Love and peace for the season of flaming beauty.

Mevagissey

There is a small traditional fishing town in Cornwall called Mevagissey. I don’t know why but my mind meanders into its narrow steep streets that wrap themselves around tiny old cottages of cob and slate, maybe because it is a lovely sunny day here, and the waters of the Hudson are that calming shade of cerulean that makes you think of all things sprightly. In Mevagissey, Adi and I met a pasty lover. An English Cocker Spaniel who after bathing in the waters on a bright spring day filled with sunshine had pattered in with a pasty in his mouth, looking quite so solemn. He brought humour to that musty shop we were in, brimming with old camping junk and odd ends, old compasses, rusted lanterns, war memorabilia, grouchy old man behind the till.

Mevagissey named after two Irish saints is a modest place where you trudge up a maze of streets that taper up and down, past boutiques, cafés and chip shops. Locals still make their living from fishing, carrying on the legacy of fishing that has been part of its history like Looe which eked out a living from pilchards and smuggling. Pilchard was its backbone to the extent that pilchard oil lent electricity to Mevagissey which happened to be one of the first among the villages in the county to be thus powered up.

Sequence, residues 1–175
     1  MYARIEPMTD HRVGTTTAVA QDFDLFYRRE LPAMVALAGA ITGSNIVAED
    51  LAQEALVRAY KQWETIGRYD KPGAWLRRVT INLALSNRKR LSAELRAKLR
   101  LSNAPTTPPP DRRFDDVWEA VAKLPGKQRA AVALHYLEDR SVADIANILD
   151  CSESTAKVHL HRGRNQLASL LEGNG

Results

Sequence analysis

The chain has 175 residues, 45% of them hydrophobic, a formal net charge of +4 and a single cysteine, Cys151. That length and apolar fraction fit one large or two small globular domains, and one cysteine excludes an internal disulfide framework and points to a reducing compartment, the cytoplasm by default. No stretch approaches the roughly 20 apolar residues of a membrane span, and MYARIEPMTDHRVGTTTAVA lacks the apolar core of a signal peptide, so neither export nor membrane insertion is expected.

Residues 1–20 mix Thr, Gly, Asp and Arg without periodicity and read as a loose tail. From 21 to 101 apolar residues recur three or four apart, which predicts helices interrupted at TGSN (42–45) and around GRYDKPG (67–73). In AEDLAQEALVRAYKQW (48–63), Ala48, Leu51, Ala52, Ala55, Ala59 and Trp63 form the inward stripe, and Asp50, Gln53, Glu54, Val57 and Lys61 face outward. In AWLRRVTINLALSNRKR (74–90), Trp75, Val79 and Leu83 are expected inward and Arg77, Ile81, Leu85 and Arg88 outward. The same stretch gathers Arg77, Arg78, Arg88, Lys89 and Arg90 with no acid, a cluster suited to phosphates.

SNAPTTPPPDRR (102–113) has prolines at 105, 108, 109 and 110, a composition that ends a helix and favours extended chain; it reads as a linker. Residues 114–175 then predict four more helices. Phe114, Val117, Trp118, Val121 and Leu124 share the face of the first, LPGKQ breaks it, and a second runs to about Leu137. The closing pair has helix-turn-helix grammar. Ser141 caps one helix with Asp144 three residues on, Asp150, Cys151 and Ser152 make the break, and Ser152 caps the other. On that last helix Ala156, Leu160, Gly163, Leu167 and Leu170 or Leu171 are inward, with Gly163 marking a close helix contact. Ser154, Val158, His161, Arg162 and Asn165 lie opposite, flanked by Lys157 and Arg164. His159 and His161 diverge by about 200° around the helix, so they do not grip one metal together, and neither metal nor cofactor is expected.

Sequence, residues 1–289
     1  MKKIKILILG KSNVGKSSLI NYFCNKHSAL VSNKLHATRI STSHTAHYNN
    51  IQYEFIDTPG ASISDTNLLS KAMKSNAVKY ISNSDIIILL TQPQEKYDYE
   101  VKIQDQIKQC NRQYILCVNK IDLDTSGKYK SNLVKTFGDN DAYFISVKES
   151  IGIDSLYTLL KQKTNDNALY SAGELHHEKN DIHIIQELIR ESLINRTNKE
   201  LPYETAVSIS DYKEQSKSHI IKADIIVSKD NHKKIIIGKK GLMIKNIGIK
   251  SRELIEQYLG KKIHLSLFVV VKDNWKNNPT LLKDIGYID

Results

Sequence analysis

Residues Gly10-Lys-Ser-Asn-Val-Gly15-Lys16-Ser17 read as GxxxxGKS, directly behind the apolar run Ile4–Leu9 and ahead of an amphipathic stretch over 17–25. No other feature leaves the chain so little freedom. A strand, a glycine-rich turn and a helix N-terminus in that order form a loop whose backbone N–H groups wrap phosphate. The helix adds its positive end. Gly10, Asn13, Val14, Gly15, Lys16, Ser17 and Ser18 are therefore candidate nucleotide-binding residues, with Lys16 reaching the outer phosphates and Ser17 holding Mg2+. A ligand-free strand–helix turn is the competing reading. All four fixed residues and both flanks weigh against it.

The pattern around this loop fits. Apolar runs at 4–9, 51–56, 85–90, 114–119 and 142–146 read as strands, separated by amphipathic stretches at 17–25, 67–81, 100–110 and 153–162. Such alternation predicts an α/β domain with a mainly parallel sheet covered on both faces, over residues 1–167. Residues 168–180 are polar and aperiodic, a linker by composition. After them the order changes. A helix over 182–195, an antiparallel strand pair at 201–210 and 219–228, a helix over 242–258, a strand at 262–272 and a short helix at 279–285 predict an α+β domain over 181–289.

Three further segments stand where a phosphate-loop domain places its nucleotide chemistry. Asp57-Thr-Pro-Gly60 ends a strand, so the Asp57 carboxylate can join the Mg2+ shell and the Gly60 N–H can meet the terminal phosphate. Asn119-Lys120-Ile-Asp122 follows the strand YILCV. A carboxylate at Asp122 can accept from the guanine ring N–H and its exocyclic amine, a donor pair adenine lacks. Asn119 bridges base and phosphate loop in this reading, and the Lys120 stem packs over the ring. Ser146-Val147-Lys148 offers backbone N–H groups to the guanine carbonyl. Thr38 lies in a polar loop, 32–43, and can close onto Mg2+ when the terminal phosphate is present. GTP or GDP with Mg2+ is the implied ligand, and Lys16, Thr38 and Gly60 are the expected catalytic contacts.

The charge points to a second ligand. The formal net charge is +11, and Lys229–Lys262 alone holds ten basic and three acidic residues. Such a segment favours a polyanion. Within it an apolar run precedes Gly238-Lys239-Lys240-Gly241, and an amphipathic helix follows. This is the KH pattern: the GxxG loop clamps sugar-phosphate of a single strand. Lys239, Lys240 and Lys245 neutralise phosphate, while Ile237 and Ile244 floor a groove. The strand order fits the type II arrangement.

The surprise waiting for me in the village was a 18th century building on the harbour that turned out to be a small (and free) museum. A long time ago in that building — the roofs of which were constructed out of beams acquired from smugglers — they would have made boats for smuggling and repaired them. The passage of time has lent it a more sober personality as a museum where it documents life as it would have been in the village in times bygone. You tend to gawp at a different mode of life, a more simplistic one that you would have probably read about or imagined. Great oak beams, a big hearth that would have been warm once, cloam oven and butter churn, barley thresher and cider press. Trappings of another age and time. Oh and how delighted was I to find out that I was in the village that was home to the founder of Pears – you know that oval glycerine soap we all grew up with.